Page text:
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The Sixth Circuit in United Technologies Corp. Requires Government to Prove Actual Loss for False Claims Act Damages

17 April 2015
The Department of Justice and qui tam relators were dealt another blow regarding how damages are calculated in False Claims Act (FCA) cases. In an FCA case involving allegations of defective pricing, the U.S. Court of Appeals for the Sixth Circuit in United States v. United Technologies Corporation overturned the lower court’s award of $657 million in damages.1 The Sixth Circuit ruled that the district court erred in accepting the government’s damages calculations, which were based “dollar-for-dollar” on the amounts by which the defendant’s cost and pricing estimates were inflated. The court emphasized that damages must account for whether the government received the benefit-of-the-bargain. If “the government gets what it paid for despite a contractor’s misstatements, it has suffered no ‘actual damages.’”2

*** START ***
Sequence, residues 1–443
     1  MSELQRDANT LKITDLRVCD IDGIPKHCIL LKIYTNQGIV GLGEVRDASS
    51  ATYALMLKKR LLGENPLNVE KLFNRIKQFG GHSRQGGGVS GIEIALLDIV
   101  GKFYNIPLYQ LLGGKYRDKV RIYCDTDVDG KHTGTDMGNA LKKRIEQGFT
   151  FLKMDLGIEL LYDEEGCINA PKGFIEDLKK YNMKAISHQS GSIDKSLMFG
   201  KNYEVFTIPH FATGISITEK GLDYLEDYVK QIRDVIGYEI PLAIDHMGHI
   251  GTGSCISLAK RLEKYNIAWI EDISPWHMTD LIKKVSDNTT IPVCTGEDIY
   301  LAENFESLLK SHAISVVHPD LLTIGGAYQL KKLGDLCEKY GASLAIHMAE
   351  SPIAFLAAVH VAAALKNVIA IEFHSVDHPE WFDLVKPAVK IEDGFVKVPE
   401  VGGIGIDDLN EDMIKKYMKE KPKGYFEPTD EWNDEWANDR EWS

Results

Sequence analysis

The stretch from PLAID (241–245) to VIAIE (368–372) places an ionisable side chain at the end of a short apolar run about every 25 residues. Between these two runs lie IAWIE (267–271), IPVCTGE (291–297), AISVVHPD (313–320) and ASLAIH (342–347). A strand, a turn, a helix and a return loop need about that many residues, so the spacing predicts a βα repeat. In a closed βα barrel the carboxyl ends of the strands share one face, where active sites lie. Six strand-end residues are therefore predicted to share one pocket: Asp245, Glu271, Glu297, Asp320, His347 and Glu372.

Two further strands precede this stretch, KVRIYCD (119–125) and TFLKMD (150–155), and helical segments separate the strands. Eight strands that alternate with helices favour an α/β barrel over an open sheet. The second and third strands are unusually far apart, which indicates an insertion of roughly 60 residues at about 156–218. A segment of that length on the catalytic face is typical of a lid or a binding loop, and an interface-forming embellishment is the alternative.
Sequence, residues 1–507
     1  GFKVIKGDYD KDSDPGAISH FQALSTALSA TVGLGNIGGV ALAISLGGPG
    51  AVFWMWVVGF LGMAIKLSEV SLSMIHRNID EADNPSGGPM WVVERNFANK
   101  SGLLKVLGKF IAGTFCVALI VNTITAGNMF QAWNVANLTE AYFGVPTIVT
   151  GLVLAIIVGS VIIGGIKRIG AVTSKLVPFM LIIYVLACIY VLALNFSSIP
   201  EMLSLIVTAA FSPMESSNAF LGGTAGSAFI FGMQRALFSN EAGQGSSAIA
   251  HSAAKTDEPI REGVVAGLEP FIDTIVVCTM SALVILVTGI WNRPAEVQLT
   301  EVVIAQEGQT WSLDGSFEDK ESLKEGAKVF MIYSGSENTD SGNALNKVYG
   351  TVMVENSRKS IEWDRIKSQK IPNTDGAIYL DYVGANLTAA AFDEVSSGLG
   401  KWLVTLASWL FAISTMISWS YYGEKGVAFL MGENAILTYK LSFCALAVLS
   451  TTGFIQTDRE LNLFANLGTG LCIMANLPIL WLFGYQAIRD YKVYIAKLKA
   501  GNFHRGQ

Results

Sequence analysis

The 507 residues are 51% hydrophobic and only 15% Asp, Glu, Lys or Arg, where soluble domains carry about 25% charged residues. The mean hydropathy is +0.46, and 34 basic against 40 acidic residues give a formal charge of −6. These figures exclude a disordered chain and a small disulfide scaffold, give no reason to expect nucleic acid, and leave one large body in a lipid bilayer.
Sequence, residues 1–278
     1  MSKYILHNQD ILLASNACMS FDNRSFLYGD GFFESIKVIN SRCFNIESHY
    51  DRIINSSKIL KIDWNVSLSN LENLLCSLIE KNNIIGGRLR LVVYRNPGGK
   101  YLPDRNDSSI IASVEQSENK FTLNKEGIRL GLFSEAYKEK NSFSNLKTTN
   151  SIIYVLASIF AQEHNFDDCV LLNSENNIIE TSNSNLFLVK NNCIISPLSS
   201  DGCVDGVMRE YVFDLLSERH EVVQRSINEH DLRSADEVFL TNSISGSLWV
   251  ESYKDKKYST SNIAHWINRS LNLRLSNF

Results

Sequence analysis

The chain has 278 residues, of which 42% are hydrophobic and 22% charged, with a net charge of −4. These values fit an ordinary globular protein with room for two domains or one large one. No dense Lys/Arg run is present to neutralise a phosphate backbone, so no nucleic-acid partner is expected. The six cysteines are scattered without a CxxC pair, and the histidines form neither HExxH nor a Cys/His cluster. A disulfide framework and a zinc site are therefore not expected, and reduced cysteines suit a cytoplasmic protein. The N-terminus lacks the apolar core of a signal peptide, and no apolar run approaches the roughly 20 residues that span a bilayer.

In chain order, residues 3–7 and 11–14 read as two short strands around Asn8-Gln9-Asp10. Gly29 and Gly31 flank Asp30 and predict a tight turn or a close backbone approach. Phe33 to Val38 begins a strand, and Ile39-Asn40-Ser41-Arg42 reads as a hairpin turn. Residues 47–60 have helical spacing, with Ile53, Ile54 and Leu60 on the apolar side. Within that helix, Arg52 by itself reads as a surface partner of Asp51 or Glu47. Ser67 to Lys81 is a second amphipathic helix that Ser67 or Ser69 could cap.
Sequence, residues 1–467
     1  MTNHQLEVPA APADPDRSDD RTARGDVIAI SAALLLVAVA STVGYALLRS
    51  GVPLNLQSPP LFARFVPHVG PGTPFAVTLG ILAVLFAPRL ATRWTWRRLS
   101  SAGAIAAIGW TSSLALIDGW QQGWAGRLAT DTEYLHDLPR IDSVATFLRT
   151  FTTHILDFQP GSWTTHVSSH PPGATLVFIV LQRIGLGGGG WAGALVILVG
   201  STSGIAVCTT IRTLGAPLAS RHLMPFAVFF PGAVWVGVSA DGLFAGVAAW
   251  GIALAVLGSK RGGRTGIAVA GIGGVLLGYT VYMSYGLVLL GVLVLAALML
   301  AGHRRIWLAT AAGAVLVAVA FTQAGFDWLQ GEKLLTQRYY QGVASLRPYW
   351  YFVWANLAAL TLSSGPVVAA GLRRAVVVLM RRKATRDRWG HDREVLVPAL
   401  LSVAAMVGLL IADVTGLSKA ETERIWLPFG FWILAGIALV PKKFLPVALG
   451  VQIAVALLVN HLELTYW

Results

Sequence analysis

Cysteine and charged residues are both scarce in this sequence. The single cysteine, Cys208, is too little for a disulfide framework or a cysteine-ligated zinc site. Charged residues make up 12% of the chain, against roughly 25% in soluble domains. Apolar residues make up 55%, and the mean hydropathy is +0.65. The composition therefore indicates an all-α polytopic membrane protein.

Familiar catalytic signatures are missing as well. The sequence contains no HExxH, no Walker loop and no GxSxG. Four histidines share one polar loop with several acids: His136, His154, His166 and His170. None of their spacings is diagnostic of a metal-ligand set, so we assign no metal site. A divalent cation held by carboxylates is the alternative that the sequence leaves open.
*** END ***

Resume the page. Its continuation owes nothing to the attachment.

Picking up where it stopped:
Marta A. Thompson

Marta A. Thompson,

Washington, D.C.

Mike Mason

Stacy Hadeka

EEOC Revises Contractor Pay Reporting Rule

Today, the U.S. Department of Labor’s Equal Employment Opportunity Commission (EEOC) revised an earlier proposed rule that would require that federal contractors report pay data. The...

13 July 2016
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